Throughout her career, Mary Burke from Dublin would have been known as an urban and suburban artist, focusing a lot on buildings and manmade structures.

That is until now.

One of her latest excursions to come to fruition, At Home on the Farm, has taken her away from the concrete jungle to the green fields of Co Limerick.

Interestingly, in a way, this project was born in Tallaght, Dublin.

A few years ago, Mary was commissioned to do artwork based on the homes of residents of local authority houses in Tallaght. She was then brought to do a similar project in Stradbally, Co Laois.

“That was my first slightly rural excursion,” Mary says. “Some of the homes went a little further out of the town. One was on a farm. A number of things happened in those houses, one of which was, I started drawing domestic pets. I hadn’t drawn animals before.”

Mary Burke spraying a piece from, At Home on the Farm.

With the seed sown, Mary became more and more taken with the idea of drawing animals, particularly cows. In preparation for doing this, Mary studied bovine anatomy, so she could get the make-up and proportions of cows correct.

Sometime later, Mary was approached by Una McCarthy of Limerick City Art Gallery (LCAG), to enquire would she be interested in pitching for an exhibition. Mary was delighted, as this fitted in perfectly with her new interest.

“I wanted to do something on farms. Limerick has loads of farms. I’m from Dublin, so Una set about finding farms for me. I was more curious than anything else,” Mary explains.

Work by Mary Burke from her exhibition, At Home on the Farm.

Reality of farming

Pre-pandemic, in 2019, Mary visited five farms across Limerick on which the drawings for her the exhibition, At Home on the Farm, were based.

The medium Mary works in is primary oil-pastel, which for all intents and purposes, is like a big crayon.

Although art and agriculture may seem worlds apart, Mary feels she could identify with the work of farmers in a way. As for artists, like farmers, hours in doesn’t always equate to financial gain.

Through the exhibition, Mary wanted to portray the reality of day-to-day farming. She wanted to capture this and give an insight, not romanticise it.

An example of this is one of her drawings based on June Danaher’s farm in Shanagolden.

“A truck came to take cattle to the factory. That’s the reality of farming. This is what happens on a working farm.”

Another farm Mary worked on was that of John MacNamara, who alongside his wife Olivia, won Grassland Farmer of the Year in 2018. To Mary this wasn’t just grass, it was food.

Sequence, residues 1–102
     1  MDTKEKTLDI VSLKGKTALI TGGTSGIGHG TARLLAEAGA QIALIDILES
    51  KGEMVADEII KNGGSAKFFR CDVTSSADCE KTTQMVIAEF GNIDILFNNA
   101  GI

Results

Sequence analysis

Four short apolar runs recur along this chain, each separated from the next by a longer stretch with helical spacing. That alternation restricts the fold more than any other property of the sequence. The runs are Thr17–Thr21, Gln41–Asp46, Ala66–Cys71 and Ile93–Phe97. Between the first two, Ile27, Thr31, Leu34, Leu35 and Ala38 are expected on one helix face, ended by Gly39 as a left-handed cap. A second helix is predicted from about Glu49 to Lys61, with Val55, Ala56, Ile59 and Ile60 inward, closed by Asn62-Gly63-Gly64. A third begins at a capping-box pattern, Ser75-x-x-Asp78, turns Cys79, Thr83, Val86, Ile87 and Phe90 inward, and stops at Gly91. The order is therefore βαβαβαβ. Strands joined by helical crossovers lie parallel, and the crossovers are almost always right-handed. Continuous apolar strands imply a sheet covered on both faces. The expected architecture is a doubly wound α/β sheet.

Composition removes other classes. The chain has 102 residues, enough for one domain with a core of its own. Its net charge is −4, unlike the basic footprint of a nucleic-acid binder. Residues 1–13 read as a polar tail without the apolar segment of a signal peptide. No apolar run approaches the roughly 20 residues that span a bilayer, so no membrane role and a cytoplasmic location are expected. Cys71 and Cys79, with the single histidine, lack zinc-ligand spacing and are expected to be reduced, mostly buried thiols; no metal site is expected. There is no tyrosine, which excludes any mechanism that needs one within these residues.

Even amongst all the natural elements on the farm, however, Mary found things that mirrored her previous urban work. Having done a lot of drawings incorporating steel, Mary was particularly taken by a milking parlour on the MacNamara’s farm.

“I spent two months on the milking parlour. It was my way of looking at something I hadn’t seen before and learning about it. If you’ve been looking at something for that long it becomes familiar.”

Urban and rural

Mary had visited the farms before the pandemic and had taken pictures on which she based her work, but the country was in lockdown by the time she started her drawings.

Each day during the first lockdown she was able to go to the little studio at the back of her house and work on the exhibition.

Even though for part of the time she spent completing these drawings she was in a 2km limit of her home in Goatstown, Dublin, she was transported back to the farms in Limerick each day.

In doing this exhibition, Marys says she wanted to connect urban and rural. Even though she has lived in a city most of her life, if you go back far enough she has farming roots, most people do.

For Mary, there was a very social element to the project also. It was great to be in a new environment.

“It was fantastic to see how other people are living and working. The farmers, they couldn’t have been more welcoming. They obviously love what they do. I went away from those farms uplifted.” CL

At Home on the Farm has been installed in LCAG and will run until May. Due to restrictions, public viewing is not open at the moment, but a virtual tour can be taken on

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